We order tea, a pot of Earl Gray and one of Darjeeling, her favorite. Sally duly arrives, fashionably late. Thin, too thin, she looks fragile in her faux fur coat, not like the now plump Susan and portly Alan, who have settled robustly into smug middle-age with their families and careers. Me too, I suppose, though not quite with the same ease.
She had her first breakdown at college, I recall. A broken love affair she couldn’t get over. We were all Eng Lit majors, but Sally was the only one who wrote poetry. She lived it, while we were considering our options. These turned out to be post grad qualifications in accountancy for Susan, and law for Alan and myself.
Sally, quite a looker in those days, got snapped up by an older man, a barrister, and devoted herself to writing, having a few pieces published in the small presses here and there. But his affairs and the divorce crushed her again, followed by an abortive attempt at a journalist career. We had visited her in various institutions, going together because one-on-one was too much to bear. A year ago, at the Elmtree ‘rest home’, she was a zombie medicated on Thorazine. She recovered as she always did, for a time.
Over the years she had found God, men, booze, Buddha, yoga, mindfulness, you name it, but everything and everyone eventually deserted this tormented soul. Except for us.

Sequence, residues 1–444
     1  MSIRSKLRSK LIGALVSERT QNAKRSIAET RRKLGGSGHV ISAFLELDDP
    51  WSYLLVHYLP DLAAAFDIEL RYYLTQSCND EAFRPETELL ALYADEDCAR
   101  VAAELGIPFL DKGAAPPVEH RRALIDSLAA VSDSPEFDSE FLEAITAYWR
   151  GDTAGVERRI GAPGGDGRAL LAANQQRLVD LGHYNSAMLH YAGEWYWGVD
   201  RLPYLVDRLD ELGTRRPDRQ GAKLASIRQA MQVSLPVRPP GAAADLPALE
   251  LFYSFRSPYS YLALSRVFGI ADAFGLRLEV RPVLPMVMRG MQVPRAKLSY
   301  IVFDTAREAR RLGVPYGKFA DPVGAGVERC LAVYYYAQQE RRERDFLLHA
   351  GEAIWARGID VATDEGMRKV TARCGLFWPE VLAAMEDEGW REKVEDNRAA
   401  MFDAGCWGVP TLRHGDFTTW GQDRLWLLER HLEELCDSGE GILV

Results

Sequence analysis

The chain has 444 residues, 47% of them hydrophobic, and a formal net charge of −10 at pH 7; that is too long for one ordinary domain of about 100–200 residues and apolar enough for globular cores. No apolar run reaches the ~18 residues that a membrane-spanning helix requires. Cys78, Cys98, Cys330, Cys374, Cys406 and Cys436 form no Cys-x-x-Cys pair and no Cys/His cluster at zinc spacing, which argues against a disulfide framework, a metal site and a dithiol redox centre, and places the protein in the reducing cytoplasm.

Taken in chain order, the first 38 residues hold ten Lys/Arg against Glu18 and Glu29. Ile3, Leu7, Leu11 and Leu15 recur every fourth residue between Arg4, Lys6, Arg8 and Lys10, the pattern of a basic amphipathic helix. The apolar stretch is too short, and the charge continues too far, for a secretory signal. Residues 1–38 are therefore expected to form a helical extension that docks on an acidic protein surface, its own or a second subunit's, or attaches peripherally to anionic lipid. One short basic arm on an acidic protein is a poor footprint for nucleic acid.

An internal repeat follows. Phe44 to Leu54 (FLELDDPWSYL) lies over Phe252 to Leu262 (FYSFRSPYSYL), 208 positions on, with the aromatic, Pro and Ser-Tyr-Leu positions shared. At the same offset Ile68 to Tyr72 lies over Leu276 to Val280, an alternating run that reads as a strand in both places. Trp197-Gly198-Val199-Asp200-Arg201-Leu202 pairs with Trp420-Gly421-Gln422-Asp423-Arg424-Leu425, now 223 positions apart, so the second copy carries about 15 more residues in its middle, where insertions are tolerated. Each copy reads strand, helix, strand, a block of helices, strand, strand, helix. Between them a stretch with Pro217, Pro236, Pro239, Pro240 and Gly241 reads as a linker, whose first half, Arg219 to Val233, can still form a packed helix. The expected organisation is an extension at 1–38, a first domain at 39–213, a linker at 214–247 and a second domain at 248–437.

Today she is ebullient.
“Hi, guys!” she exclaims using the American slang we would have eschewed back in the day, but now their soaps and Hollywood movies have infected us all.
“Sally!” we respond.
“How the hell are you?” says Susan, and Sally proceeds to dominate the conversation. Painting is her latest fad, and she’s writing a novel, about what exactly we are unable to ascertain.
‘Prozac,’ I think cynically. ‘It’s the Prozac talking.’
While Susan and Alan indulge her, perhaps thinking she is finally ‘alright’, I fall silent, seeing through the façade.
“Always the quiet one weren’t you, Ian?” she says to me as if sensing something.
I smile and blush, meeting her eyes, the windows of the soul. Yet hers are whirlpools and seem to have no centre. I quickly look away not knowing what on earth to say.
“Still waters run deep,” says Alan, saving the day.
Ha, ha, ha, we all laugh, and they settle down again to tea and small talk.
Ignoring their chatter, I study the porcelain vase on the mantelpiece, thinking how just one tremor, the smallest of knocks, could make it fall and shatter.